Bank stocks fell Wednesday after Federal Reserve Board Chairman Ben Bernanke said that any economic growth to occur later this year would not be robust.
The KBW Bank Index fell 1.47%, after Bernanke told the House Budget Committee that the country's financial stability is being threatened by large federal budget deficits and that the government cannot borrow indefinitely.
"Unless we demonstrate a strong commitment to fiscal sustainability in the longer term, we will have neither financial stability nor healthy economic growth," Bernanke said in prepared remarks. "Maintaining the confidence of the financial markets requires that we, as a nation, begin planning now for the restoration of fiscal balance."
Trish Pines, a trader at FIG Partners LLC, said Bernanke's comments and several economic reports prompted some selling of bank stocks Wednesday.
The Commerce Department said factory orders rose 0.7% in April; analysts on average were expecting an increase of 0.9%. The agency also revised its report for March orders, to a decline of 1.9%. The earlier report said the decline was 0.9%.
The Institute for Supply Management said Wednesday that its index for the services sector rose to 44 in May, from 43.7 in April, though it was slightly below economists' expectations.
Meanwhile, the Labor Department said jobless rates rose in April in all 372 metropolitan areas it tracks. It was the fourth straight month of increases.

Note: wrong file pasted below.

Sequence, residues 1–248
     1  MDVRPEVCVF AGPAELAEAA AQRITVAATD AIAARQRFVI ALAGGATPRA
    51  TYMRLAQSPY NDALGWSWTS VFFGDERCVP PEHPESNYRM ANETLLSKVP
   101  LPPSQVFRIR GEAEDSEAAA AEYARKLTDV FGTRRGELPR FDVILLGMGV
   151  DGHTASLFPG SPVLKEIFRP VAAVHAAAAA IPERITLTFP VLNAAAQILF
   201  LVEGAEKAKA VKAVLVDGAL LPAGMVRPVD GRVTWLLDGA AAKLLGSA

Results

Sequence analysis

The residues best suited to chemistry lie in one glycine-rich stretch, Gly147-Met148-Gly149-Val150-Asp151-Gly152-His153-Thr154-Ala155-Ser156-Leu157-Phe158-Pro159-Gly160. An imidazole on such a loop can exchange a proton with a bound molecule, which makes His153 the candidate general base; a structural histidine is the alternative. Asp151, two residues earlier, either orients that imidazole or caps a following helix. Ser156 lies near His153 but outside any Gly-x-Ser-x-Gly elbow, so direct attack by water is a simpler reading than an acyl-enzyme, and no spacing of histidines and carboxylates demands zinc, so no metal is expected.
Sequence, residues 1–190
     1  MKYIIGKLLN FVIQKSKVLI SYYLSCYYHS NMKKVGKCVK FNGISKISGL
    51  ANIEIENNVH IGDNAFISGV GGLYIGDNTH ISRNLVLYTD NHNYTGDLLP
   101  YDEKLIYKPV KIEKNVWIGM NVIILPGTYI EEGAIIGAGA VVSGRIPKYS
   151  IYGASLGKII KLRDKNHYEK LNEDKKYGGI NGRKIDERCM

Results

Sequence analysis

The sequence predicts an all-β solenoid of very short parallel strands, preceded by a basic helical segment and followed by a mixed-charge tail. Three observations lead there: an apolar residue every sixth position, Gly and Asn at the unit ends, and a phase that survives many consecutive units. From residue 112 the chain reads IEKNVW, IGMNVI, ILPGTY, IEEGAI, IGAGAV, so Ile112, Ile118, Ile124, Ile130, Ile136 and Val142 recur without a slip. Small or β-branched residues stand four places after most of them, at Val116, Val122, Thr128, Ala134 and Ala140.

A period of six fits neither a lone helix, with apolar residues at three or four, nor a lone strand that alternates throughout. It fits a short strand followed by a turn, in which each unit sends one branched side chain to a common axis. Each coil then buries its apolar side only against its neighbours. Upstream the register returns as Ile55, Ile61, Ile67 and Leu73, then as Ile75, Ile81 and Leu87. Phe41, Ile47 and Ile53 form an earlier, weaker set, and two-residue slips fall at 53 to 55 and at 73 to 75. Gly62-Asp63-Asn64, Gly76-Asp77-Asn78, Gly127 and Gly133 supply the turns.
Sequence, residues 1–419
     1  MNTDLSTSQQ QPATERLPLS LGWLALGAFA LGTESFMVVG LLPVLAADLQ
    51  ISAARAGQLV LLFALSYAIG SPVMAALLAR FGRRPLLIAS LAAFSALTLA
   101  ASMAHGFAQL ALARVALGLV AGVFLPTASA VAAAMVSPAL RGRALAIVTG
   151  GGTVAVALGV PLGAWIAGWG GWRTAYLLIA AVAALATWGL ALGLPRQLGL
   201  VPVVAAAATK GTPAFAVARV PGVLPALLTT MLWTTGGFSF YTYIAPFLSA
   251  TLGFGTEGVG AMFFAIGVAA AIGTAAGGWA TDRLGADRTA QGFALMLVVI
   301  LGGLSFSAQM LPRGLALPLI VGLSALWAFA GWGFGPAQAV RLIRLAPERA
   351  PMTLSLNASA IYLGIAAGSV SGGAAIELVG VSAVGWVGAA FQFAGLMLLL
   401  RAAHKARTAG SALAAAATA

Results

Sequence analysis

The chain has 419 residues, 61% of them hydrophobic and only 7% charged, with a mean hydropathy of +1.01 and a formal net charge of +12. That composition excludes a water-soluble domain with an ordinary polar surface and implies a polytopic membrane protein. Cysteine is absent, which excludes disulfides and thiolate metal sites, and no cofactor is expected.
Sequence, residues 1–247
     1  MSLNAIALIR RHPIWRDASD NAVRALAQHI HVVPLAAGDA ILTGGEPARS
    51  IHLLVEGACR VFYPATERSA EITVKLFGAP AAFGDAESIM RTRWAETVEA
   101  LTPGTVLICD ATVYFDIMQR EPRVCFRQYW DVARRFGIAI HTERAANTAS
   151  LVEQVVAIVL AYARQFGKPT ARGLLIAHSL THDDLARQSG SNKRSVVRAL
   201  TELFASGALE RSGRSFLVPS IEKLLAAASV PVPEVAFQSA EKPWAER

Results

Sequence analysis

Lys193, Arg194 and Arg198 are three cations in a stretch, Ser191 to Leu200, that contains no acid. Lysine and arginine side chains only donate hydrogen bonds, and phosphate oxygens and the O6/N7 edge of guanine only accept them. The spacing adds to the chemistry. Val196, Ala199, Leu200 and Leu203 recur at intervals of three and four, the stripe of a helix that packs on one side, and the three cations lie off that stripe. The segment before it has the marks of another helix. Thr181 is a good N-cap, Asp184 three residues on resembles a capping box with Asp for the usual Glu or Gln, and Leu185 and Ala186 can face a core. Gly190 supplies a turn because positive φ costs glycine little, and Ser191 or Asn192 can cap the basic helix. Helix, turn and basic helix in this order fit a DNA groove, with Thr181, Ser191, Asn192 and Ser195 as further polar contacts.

Bank stock decliners were across the board. JPMorgan Chase & Co. fell 1.5%, Bank of America Corp. fell 1.7%, Wells Fargo & Co. fell 1.1%, PNC Financial Services Group Inc. fell 3.7%, U.S. Bancorp fell 0.4% and Citigroup Inc. fell 12 cents, to $3.39.
Among the regionals, SunTrust Banks Inc. fell 1.5%, Marshall & Ilsley Corp. fell 2.1%, Zions Bancorp. fell 4% and KeyCorp fell 22 cents, to $4.60.
Huntington Bancshares Inc. fell 19 cents, to $3.96. The Columbus, Ohio, company announced Wednesday that it had commenced a $300 million common stock offering, and suspended its discretionary equity issuance program. That program started May 20 and resulted in the issuance of 18.5 million shares worth $76 million.
The Dow Jones industrial average fell 0.75% and the Standard & Poor's 500 fell 1.37%.